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WASHINGTON DEPARTMENT OF FISH AND WILDLIFE     Print Version
NEWS RELEASE
600 Capitol Way North, Olympia, WA 98501-1091


March 29, 2006
Contact: Margaret Ainscough, (360) 902-2408

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New management plan aimed at addressing
Puget Sound steelhead concerns

OLYMPIA – New management plans for Washington steelhead, based on a scientific report developed over the last two years, will aim to address concerns that prompted the federal government to propose listing Puget Sound steelhead as “threatened” under the Endangered Species Act.

The scientific assessment, which will be released for public comment in May, was developed by the Washington Department of Fish and Wildlife (WDFW) and has been reviewed by treaty tribes. Based on that document, steelhead management plans will be developed in the coming year for individual watersheds across the state.

“We believe these conservation-based management plans may well address the concerns that prompted the federal government’s proposed listing of Puget Sound steelhead,” said WDFW Director Jeff Koenings, Ph.D.

The state’s steelhead scientific report outlines the geographical distribution, status, population trends, life history, habitat requirements and harvest history of steelhead in Washington.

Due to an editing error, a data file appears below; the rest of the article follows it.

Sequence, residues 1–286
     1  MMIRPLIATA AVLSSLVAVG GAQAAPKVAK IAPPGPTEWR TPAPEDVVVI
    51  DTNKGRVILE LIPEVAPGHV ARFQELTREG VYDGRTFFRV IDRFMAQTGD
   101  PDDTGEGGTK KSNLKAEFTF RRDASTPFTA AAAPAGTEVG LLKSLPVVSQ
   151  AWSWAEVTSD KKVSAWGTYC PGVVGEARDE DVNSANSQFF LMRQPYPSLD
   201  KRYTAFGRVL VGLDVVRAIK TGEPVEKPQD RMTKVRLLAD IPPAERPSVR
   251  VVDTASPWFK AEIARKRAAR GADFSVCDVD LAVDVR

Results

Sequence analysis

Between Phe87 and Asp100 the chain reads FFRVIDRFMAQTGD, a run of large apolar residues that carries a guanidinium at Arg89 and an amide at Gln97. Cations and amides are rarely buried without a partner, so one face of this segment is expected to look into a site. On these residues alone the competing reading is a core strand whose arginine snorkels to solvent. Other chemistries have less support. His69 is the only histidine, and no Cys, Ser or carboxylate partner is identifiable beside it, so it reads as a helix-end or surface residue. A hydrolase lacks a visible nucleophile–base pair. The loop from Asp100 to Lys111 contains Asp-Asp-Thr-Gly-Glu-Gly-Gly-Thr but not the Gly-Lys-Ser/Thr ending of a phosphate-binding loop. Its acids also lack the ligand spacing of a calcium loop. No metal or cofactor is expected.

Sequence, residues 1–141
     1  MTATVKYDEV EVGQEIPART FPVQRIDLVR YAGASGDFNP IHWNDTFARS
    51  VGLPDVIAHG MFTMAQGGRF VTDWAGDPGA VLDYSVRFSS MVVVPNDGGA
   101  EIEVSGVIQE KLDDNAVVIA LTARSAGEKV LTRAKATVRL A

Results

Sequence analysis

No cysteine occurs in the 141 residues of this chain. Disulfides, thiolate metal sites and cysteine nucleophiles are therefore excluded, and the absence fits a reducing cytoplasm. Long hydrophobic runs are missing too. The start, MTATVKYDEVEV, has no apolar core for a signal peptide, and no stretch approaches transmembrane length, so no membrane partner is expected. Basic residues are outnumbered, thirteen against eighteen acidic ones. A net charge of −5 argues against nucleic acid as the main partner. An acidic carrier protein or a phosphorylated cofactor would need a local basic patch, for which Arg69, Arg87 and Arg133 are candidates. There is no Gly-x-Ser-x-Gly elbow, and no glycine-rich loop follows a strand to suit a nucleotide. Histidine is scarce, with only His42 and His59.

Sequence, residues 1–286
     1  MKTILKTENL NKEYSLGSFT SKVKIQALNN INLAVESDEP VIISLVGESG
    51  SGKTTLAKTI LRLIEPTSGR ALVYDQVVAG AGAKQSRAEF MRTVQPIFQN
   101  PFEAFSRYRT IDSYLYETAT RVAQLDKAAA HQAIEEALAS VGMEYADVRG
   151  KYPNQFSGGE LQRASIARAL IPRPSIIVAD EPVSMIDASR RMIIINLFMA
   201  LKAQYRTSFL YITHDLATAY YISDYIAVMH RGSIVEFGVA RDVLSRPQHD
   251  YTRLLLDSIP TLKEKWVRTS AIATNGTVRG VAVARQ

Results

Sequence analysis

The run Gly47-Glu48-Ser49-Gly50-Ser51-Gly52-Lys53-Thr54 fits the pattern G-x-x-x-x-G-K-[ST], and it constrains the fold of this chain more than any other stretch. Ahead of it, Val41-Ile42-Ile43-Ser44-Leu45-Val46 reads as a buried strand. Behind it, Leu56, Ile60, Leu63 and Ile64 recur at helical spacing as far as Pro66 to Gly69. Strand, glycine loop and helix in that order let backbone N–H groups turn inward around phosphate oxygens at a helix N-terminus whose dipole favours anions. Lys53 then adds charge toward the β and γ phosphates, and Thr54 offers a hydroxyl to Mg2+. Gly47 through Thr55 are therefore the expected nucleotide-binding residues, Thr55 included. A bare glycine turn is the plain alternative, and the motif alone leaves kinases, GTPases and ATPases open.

NOAA Fisheries, the federal agency that manages protected ocean-migrating species including steelhead and salmon, today announced a proposal to list Puget Sound steelhead as a threatened species. A final listing decision would be made next year.

Management plans developed from the steelhead scientific report will address hatchery and harvest management issues. Statewide hatchery improvements being implemented for wild salmon recovery will be extended to steelhead, Koenings said. For example, efforts will likely be increased to segregate hatchery-origin steelhead from wild steelhead.

In addition, habitat improvements for salmon recovery, being implemented by the Shared Strategy for Puget Sound, will benefit steelhead as well, Koenings noted.

There are no directed fisheries on wild steelhead in Puget Sound and most of the state, although wild steelhead fishing is allowed on some coastal rivers under a one-fish annual limit.

Selective fisheries are allowed on hatchery steelhead that are marked as hatchery- origin fish through removal of their adipose fin.